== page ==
How Does Your Garden Grow?
In Eden, there are wildflowers everywhere. Dewy and fresh. Swaying in the wind. White and pink mostly, layered on each other like crinolines, or particularly dense meringues. And at their center, an equally dewy new man, with a mush of a mind and hesitant approach to the world around him.
At least, that’s par for the course in The Apple Tree, on at the Yale Cabaret through Saturday night. Directed by Cab veteran Rory Pelsue, the work is a musical retelling of the creation story, handing the reins back to Eve while making mellifluous original sin. After opening Thursday night, the play has performances Friday and Saturday at 8 and 11 p.m.
First performed at New York’s Shubert Theatre in 1966, The Apple Tree comes from Jerry Bock and Sheldon Harnick—the same team that brought audiences Fiddler on the Roof in 1964. In its original format, it runs as three interconnected one-act musicals, all relating back to the fall of man, and ensuing banishment from the Garden of Eden.
In Pelsue’s able hands, the Cab’s audience sees only act one, the first and most freestanding of the three. As the play opens, Adam (Cab debut Danilo Gambini) lies half-asleep, awaiting instructions for his soft, neophyte self. It does not take long to see that he is, to repurpose one of his lines, kind of a human clod. He’s not super smart, quick to anger, hyper-anxious, and insistent on his myriad truths, many of which have no basis in reality.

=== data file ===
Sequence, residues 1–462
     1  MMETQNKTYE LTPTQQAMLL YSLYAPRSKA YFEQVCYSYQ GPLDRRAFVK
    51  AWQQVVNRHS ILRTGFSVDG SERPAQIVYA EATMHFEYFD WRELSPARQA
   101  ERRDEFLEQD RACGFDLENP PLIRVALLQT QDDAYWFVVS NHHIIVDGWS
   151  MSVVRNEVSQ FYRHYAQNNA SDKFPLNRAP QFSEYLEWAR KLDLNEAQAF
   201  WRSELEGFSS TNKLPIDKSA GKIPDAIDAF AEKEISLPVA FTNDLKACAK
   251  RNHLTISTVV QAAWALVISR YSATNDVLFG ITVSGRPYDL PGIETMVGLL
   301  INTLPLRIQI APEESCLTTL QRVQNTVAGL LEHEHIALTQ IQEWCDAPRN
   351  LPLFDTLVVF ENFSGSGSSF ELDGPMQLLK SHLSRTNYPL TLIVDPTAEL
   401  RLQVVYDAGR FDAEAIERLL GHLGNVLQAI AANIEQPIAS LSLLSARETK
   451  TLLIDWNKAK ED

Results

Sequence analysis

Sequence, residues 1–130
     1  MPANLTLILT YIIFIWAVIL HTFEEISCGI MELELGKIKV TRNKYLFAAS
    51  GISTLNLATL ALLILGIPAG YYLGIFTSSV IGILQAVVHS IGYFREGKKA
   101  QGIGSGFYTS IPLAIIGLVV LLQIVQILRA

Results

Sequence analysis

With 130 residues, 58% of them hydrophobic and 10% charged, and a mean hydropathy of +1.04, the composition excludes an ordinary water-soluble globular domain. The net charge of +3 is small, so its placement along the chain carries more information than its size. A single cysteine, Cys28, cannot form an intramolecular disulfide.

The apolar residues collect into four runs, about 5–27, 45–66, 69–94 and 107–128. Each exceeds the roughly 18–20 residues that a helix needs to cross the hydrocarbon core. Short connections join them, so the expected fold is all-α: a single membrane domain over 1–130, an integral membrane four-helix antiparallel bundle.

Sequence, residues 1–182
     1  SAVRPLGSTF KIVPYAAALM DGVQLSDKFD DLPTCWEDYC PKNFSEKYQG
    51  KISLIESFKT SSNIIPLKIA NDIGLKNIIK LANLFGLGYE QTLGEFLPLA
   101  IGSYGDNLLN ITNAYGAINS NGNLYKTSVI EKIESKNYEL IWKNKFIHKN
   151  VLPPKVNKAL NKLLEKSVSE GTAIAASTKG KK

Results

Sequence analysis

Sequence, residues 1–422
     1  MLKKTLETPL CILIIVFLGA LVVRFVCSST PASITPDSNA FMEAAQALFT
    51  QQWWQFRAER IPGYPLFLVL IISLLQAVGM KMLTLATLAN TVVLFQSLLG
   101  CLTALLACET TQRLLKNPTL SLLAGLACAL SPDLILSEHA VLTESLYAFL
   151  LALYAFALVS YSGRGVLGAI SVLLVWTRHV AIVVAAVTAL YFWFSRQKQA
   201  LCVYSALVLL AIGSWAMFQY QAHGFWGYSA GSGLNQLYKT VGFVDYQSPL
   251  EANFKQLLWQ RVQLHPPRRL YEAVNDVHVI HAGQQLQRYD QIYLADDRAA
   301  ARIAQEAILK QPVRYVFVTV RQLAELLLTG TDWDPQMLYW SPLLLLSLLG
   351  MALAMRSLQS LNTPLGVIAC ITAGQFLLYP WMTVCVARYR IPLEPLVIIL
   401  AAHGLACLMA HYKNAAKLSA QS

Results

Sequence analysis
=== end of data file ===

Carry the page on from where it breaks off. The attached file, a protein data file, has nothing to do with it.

Thank God—literally—for Eve (Courtney Jamison), who comes straight from Adam’s rib with infectious enthusiasm, ready to take on the world with her big smile and bigger voice. She’s smart and intuitive, a far cry from the Eve we were taught in Sunday school classes. No longer is the search for knowledge and pursuit of pleasure tantamount to evil: it’s just how Eve rolls. Don’t try to stop her from getting near the apple tree—she’ll do what she wants, and then she’ll probably make you do what she wants too.
What follows is a witty, unexpected, and delightful work in a month that has felt like the end of days. Pelsue has never not stuck a landing at the Cab, and this show—his first musical, and first true comedy—is no exception. From a black and white pre-show flicker of The Judy Garland Show (an episode in which Lena Horne guest stars, and sings gloriously with Garland), we are situated in this new Eden, a old garden embellished with new tricks.
Perhaps some things will always remain the same. Mortal creatures still need to be named, Adam and Eve still aren’t aware of their nakedness (until they are), and a seductive, glistening serpent (read: penis, because it is always really a penis) still makes his way through the high grass.
But this version, unstuck in time, is a lot more fun. Against a relatively spare set, Pelsue’s The Apple Tree imagines an Eden where Eve is right most of the time, and banishment from the garden is more of an inevitability than a punishment. It’s a nuanced but noticeable shift in perception, liberating the creation story while keeping it silly, like the whole thing is hopped up on helium. That the show opens over Rosh Hashanah feels both funny and fitting too, as if the Cab is saying yes, this is definitely the first show to see of the New Year.